Splice Promises Great Things, but the Reviews Tell a Different Story
Creating music takes a lot of skill and effort, so having the right tools for the job is incredibly important. One of the most useful tools to make good music and save time is a sound library with top-notch royalty-free samples. That is part of what Splice offers, but while it does have a vast library of sounds, the platform fails in more ways than one.
Right from the start, Splice makes a lot of promises, offering a constantly expanding library of samples and software to help creators succeed. There are also tutorials meant to usher in beginners or those looking to master a new skill under the guidance of experts and artists . They even have a free trial for those who want to give the platform a try without any commitment. Or so they claim.
However, Splice has consistently failed to manage its free trial subscription properly. The company has a poor rating on Sitejabber and 19 complaints on the Better Business Bureau’s websitewith the primary cause of the complaints being the free trial.
Users report that once they cancel the trial, they are still charged for it, and the problem persists even when they unsubscribe. In these cases, customer service proved unhelpful or outright refused to cooperate. Additionally, multiple users have reported receiving a charge for a year’s worth of service directly after the free trial despite having signed up for a different subscription plan.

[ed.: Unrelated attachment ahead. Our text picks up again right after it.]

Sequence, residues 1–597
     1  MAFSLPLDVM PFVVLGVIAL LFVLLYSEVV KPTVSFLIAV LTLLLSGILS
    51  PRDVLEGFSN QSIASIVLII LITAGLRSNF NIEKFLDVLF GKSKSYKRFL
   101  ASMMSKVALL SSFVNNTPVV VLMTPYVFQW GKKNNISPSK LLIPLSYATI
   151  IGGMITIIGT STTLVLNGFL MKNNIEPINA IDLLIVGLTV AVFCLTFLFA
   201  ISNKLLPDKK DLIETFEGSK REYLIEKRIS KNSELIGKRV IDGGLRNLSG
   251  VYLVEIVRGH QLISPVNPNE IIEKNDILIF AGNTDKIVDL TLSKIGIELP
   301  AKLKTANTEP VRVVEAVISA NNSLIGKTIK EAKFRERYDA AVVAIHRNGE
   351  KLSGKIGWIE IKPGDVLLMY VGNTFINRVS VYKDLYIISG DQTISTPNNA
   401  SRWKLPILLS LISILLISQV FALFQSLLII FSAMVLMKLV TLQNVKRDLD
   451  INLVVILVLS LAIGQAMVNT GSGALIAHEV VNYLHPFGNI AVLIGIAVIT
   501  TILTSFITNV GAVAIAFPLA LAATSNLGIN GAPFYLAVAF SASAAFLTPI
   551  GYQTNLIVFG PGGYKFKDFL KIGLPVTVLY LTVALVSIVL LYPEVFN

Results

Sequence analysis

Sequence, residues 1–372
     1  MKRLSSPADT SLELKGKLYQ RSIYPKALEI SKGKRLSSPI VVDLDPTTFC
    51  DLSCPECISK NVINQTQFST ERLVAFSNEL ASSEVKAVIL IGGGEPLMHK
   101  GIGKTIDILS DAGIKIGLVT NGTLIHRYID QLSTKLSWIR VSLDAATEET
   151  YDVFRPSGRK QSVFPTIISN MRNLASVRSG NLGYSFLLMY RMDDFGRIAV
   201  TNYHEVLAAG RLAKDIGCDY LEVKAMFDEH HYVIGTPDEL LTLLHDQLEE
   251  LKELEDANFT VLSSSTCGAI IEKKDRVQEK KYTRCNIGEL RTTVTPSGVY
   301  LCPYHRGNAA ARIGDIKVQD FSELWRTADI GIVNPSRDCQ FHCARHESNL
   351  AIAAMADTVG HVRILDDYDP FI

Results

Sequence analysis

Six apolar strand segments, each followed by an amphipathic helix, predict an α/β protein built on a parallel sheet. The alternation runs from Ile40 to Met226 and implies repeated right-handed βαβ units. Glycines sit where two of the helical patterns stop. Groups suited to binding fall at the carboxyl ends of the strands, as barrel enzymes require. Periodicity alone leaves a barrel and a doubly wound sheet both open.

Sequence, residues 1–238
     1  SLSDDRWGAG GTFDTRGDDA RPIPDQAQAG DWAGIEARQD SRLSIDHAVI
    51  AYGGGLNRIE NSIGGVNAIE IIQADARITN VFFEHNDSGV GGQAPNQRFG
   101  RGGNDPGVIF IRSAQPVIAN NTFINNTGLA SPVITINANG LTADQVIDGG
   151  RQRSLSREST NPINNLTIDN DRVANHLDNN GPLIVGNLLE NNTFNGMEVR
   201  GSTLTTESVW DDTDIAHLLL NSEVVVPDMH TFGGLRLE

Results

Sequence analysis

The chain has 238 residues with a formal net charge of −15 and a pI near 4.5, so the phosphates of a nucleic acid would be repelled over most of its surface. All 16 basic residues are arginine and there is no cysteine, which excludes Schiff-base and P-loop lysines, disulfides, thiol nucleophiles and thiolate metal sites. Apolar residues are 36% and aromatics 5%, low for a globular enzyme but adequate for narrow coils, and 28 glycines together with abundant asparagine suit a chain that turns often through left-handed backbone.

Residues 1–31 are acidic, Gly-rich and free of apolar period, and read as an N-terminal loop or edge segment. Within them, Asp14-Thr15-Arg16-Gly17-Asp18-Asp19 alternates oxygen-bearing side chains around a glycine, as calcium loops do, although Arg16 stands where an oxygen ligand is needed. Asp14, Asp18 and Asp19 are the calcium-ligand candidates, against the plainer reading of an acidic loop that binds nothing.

Others have reported receiving charges for items they did not purchase or seeing changes in cost without receiving any notice.
Even if the trial doesn’t create problems, it does not provide much benefit, either. The free trial allows users to view the platform, but they do not have any significant access without paying. That means they face potential problems with the free trial like those reported without getting anything in return.
Another issue users face is losing the credits they already paid for if they decide to stop their subscription at any time.
Splice users are provided with credits for their subscription, which is the platform’s currency and how they get sounds. These credits can be used in whatever way a user wants. However, if a user cancels their subscription, even if for a single month, all credits they save are wiped from the account.
Because of this, users with account trouble or financial difficulties have lost credits, which is the main point of having a subscription in the first place. Even if they decide to resubscribe the following month, all saved-up currency is permanently gone.
Professionals might also find Splice difficult to use because it only works with certain digital audio workstations (DAWs). There have also been some reports of copyright strikes when using royalty-free samples, along with subpar support when issues crop up.
But poor customer service is nothing new, judging by the outcry of unsatisfied users. The poor communication and issue management has led to a low rating for Splice and makes it difficult to trust as a platform. Therefore, for professionals relying on it for work or beginners wanting a place to experiment freely and learn, it might be best to steer clear until the company starts putting customers first.
Spencer Hulse is a news desk editor at Grit Daily News. He covers startups, affiliate, viral, and marketing news.